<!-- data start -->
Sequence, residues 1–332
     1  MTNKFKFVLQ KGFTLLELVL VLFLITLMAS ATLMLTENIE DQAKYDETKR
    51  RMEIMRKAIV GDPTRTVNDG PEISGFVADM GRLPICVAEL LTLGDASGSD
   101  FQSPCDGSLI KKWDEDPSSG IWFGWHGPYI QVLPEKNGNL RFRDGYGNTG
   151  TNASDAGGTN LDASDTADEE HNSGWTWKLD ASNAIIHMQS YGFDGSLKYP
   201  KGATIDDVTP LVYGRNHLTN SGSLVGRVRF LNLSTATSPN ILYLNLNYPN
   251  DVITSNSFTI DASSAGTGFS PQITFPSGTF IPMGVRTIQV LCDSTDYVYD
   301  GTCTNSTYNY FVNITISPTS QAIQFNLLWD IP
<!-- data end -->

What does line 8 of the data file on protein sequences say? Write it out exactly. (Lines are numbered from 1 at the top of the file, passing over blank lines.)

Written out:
   301  GTCTNSTYNY FVNITISPTS QAIQFNLLWD IP